GROTON — The connection between the mission of the Nashua River Watershed Association and the development of clean-fuel vehicles might not be immediately apparent, but according to NRWA development manager Lauri Johnson, the two are actually related.
“Part of the NRWA’s mission is to balance human and environmental needs and to find new ways to promote that,” Johnson said. “We appreciate the fact that some people are beginning to think outside the box in terms of hybrid technology.”
Johnson was referring to efforts by automotive engineers to develop fuel-efficient vehicles that either do not run on fossil fuels at all or that use a combination of gasoline and some other energy source such as electricity or hydrogen.
“It’s all interconnected,” added NRWA development director Drew Casey. “If we can have more efficient transportation, we can cut down on greenhouse gasses which indirectly helps the quality of our water. The hope is that (by promoting fuel-efficient vehicles) we can make people more aware of how they can contribute to a cleaner environment.”
To help promote hybrid technology, as well as increase awareness of the NRWA itself, the group has partnered with Peters Honda of Nashua, N.H., to raffle off a 2007 Honda Civic Hybrid, which uses a combination of gasoline and electricity to give it 50 mile per gallon performance on the open road.
According to David Boyce of Peters Honda, the Civic Hybrid does not need to be plugged in to recharge its electric battery; simply driving the car will keep it constantly recharged.
“I’ve sold tons of hybrids and get off on the technology,” admitted Boyce, who was present at the NRWA headquarters on Main Street last Thursday night to help introduce a film on electric-powered vehicles titled “Who Killed the Electric Car?”
“That’s why Peters Honda tapped me to come down and talk about different kinds of hybrids. We’ve been very successful in selling hybrid vehicles and believe me, it is not a scary thing,” Boyce said.
Present at the Jan. 25 screening of “Who Killed the Electric Car?” were about 50 people from throughout the region. Many were interested in seeing the development of motor vehicles that could free the country from its dependence on oil while at the same time being friendly to the environment.
The 90-minute film told the story of the first commercially-available electric car, developed by General Motors in the 1990s, which the automotive giant inexplicably yanked from production and even from the hands of owners, thus “killing” what seemed to be a promising and even popular first step in the evolution of an electric vehicle.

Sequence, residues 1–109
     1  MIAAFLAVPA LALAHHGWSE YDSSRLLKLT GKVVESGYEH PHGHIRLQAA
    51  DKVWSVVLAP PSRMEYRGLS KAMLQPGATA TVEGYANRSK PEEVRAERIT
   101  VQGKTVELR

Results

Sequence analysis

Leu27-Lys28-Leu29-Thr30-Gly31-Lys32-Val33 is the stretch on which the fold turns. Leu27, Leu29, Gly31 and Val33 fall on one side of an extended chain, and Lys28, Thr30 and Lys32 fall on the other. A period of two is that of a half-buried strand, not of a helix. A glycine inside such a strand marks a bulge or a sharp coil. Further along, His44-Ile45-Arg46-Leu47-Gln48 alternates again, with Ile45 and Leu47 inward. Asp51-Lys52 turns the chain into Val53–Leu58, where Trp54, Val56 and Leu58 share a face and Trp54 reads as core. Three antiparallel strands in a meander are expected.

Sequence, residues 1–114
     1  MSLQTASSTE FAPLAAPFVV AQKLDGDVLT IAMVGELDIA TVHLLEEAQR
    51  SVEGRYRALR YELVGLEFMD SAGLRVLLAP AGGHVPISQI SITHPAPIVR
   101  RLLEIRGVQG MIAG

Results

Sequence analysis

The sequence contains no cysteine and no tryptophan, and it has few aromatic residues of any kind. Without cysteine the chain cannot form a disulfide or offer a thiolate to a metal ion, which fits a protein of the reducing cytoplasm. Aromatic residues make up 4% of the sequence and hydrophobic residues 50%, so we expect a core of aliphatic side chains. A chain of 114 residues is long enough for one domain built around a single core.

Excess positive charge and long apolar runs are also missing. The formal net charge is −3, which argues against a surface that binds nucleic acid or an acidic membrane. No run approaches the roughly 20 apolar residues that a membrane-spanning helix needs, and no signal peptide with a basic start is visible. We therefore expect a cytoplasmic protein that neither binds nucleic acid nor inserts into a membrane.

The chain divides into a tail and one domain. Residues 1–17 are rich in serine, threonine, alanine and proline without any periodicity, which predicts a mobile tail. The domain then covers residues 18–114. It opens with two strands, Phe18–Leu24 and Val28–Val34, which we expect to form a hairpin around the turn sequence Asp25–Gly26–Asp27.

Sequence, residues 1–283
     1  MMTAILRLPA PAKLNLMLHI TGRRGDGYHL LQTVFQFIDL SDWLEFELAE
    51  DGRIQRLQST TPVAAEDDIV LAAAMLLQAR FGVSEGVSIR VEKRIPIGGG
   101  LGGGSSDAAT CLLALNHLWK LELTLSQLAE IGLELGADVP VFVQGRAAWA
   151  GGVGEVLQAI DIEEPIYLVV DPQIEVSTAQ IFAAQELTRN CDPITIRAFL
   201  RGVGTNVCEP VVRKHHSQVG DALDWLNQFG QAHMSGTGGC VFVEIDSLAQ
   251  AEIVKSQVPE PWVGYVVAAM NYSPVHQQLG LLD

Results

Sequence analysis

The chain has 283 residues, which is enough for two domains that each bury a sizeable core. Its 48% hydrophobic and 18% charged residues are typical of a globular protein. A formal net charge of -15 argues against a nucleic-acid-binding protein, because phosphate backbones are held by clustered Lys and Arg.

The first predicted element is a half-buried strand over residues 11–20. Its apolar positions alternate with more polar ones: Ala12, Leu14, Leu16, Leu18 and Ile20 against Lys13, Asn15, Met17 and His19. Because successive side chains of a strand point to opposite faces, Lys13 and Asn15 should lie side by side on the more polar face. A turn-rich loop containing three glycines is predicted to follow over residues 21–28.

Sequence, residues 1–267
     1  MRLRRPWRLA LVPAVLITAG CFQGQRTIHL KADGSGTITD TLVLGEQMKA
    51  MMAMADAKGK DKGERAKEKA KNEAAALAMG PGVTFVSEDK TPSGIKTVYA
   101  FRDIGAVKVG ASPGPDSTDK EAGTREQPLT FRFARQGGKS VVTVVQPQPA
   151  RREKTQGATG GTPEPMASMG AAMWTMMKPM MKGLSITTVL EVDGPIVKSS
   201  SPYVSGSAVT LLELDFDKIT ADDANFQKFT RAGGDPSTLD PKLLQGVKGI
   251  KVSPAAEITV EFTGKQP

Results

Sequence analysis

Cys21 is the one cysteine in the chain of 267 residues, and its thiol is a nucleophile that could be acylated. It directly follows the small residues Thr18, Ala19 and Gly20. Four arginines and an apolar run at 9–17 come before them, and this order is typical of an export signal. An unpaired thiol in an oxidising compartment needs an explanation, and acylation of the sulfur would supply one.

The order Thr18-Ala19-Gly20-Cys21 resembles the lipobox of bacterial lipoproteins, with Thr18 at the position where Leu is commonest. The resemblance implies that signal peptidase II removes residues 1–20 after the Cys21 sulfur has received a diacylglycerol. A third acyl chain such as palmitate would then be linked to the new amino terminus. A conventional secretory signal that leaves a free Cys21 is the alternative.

According to the film, electric-powered vehicles are not a new phenomenon, having been popular in the earliest days of the automobile. It was not until it became apparent that gasoline engines offered more power and greater speed that the switch became permanent and electric cars went the way of the dinosaur.
Created in response to an edict by the state of California that set benchmarks for alternate-fuel vehicles, General Motors’ EV-1 electric powered automobile rolled off the assembly line and into the hands of what appeared to be a public eager to own them.
But somewhere along the way, through a combination of competing interests, California was compelled to reverse its earlier mandate. As a result, auto makers ended efforts to develop alternate-fuel vehicles, including the EV-1.
Many in the United States are now acutely aware that the nation’s dependence on foreign oil makes it vulnerable to foreign interests. A race of sorts has begun among automakers to once again develop new lines of alternate-fuel vehicles, such as the Honda Civic Hybrid.
“I thought the film was excellent,” commented Brookline resident David Sheldon after seeing the film. “I own a hybrid vehicle myself and I always wondered why I haven’t seen more of them on the road. I was curious as to why that was, but now I understand what happened.”
In partnership with the NRWA, Peters Honda is raffling off one of its 2007 Honda Civic Hybrids, which was also on display at the group’s headquarters Thursday night.
For those interested in entering the raffle, tickets can be purchased for $20 each, with only 2,500 being sold. More information is available from the NRWA, which can be contacted either by phone at (978) 448-0299 or on the Internet at www.NashuaRiverWatershed.org.
Although the winner of the raffle will be chosen on the evening of Feb. 2, tickets can be purchased throughout the last day.